Available on the web through Oxford Scholarship Online

Table of Contents:
1. Agency and Identity
2. The Metaphysics of Normativity
3. Formal and Substantive Principles of Reason
4. Pracatical Reason and the Unity of the Will
5. Autonomy and Efficacy
6. Expulsion from the Garden: The Transition to Humanity
7. The Constitutional Model
8. Defective Action
9. Integrity and Interaction
10. How to be a Person

The Constitution of Agency
Oxford University Press, 2008.
A collection of papers, mostly published between 1996 and 2005.

Available on the web through Oxford Scholarship Online

Table of Contents:

Introduction [Abstract]

Part One: The Principles of Practical Reason
1. The Normativity of Instrumental Reason [Abstract]
2. The Myth of Egoism [Abstract]
3. Self-Constitution in the Ethics of Plato and Kant [Abstract]

Part Two: Moral Virtue and Moral Psychology
4. Aristotle's Function Argument [Abstract]

5. Aristotle on Function and Virtue [Abstract]
6. From Duty and for the Sake of the Noble: Kant and Aristotle on Morally Good Action [Abstract]
7. Acting for a Reason [Abstract]

Part Three: Other Reflections
8. Taking the Law into Our Own Hands: Kant on the Right to Revolution [Abstract]
9. The General Point of View: Love and Moral Approval in Hume's Ethics [Abstract]
10. Realism and Constructivism in Twentieth Century Moral Philosophy [Abstract]

The Sources of Normativity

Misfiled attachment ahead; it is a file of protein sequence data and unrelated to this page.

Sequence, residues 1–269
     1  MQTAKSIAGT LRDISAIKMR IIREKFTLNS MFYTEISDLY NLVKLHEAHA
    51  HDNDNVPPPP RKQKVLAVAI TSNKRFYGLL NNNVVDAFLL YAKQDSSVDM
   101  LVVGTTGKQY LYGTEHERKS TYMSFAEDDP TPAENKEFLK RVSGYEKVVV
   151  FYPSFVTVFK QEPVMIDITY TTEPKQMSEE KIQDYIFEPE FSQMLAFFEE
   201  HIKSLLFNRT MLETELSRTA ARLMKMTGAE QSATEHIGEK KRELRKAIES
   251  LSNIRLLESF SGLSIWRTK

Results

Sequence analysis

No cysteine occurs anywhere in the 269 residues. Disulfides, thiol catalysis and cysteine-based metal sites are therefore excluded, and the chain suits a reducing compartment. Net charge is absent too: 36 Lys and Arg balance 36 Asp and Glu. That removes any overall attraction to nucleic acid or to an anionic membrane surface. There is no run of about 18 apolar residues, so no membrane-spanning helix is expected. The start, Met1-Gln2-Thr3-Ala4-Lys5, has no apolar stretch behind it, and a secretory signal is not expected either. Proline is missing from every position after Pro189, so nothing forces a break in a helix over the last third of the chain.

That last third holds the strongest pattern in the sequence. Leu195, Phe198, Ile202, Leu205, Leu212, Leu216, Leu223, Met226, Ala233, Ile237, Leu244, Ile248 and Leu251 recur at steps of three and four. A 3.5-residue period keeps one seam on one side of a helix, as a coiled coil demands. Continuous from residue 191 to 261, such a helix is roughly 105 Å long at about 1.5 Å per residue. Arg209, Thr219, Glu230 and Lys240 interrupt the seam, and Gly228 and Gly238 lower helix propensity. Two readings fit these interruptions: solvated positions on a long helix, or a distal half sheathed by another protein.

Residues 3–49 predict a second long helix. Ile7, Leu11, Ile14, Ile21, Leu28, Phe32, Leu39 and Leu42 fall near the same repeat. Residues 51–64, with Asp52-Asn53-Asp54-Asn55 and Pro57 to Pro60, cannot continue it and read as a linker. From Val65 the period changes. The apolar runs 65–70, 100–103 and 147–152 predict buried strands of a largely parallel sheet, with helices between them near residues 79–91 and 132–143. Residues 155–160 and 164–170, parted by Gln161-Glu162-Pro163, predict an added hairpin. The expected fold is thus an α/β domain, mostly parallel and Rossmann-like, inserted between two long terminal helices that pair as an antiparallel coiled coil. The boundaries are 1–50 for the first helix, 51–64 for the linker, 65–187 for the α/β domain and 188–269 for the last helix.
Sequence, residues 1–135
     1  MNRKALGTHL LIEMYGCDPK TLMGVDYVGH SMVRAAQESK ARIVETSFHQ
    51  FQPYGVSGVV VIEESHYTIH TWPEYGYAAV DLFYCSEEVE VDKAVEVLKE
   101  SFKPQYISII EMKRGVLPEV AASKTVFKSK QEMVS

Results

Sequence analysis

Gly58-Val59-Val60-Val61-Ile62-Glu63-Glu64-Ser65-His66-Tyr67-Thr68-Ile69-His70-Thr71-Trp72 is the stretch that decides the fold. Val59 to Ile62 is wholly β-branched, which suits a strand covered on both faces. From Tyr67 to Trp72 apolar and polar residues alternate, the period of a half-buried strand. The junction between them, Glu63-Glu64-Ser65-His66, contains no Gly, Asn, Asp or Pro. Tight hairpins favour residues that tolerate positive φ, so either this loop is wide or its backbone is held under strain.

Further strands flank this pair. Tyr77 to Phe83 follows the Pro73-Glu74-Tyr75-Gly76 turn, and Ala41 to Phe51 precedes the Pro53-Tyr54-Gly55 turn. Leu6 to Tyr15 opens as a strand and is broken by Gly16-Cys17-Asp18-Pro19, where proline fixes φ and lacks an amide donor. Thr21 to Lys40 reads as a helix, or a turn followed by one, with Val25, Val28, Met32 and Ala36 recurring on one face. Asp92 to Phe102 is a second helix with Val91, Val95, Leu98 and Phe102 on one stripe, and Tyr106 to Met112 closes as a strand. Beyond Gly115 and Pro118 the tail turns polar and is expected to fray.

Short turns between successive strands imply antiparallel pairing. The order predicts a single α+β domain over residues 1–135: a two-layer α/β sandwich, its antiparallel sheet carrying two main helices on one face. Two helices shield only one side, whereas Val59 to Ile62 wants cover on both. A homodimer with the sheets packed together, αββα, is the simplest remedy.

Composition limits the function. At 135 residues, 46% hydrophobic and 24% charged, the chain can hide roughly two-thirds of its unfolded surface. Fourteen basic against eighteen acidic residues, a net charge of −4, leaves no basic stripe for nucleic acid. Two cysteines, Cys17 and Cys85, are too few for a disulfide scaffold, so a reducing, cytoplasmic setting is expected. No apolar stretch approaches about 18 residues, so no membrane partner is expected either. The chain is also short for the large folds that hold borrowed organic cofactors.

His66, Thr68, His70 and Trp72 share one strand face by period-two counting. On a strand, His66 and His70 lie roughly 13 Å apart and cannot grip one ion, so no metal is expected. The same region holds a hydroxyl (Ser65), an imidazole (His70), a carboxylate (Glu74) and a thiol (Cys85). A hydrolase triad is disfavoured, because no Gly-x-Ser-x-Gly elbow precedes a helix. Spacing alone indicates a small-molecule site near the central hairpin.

Cambridge University Press, 1996

An expanded version of my 1992 Tanner Lectures

In these lectures I identify four accounts of the normativity of moral obligation which have been advocated by modern moral philosophers. I trace their history, showing how each developed in response to the prior one, and compare earlier versions with those on the contemporary philosophical scene. Kant's theory that normativity springs from our own autonomy emerges as a synthesis of the other three, and in the latter part of the lectures I conclude with my own modified version of the Kantian account. The lectures are followed by commentary from G. A. Cohen, Raymond Geuss, Thomas Nagel, and Bernard Williams, and a reply by me. Also available in Spanish, Japanese, Chinese, Korea, and Italian.


Available on the web through Cambridge Books Online.

Creating the Kingdom of Ends
Cambridge University Press, 1996

A collection of previously published papers on Kant's moral philosophy and Kantian approaches to issues in contemporary moral philosophy. Also vailable in Korean, and Spanish, and Chinese.

Table of Contents:

Part One: Kant's Moral Philosophy
1. An Introduction to the Ethical, Political, and Religious Thought of Kant [Abstract]
2. Kant's Analysis of Obligation: The Argument of Groundwork I [Abstract]
3. Kant's Formula of Universal Law [Abstract]
4. Kant's Formula of Humanity [Abstract]
5. The Right to Lie: Kant on Dealing with Evil [Abstract]
6. Morality as Freedom [Abstract]
7. Creating the Kingdom of Ends: Reciprocity and Responsibility in Personal Relations [Abstract]

Part Two: Comparative Essays
8. Aristotle and Kant on the Source of Value [Abstract]
9. Two Distinctions in Goodness [Abstract]
10. The Reasons We Can Share: An Attack on the Distinction Between Agent-Relative and Agent Neutral Values. [Abstract]
11. Skepticism about Practical Reason [Abstract]
12. Two Arguments Against Lying [Abstract]
13. Personal Identity and the Unity of Agency: A Kantian Response to Parfit [Abstract]

Available on the web through Cambridge Books Online.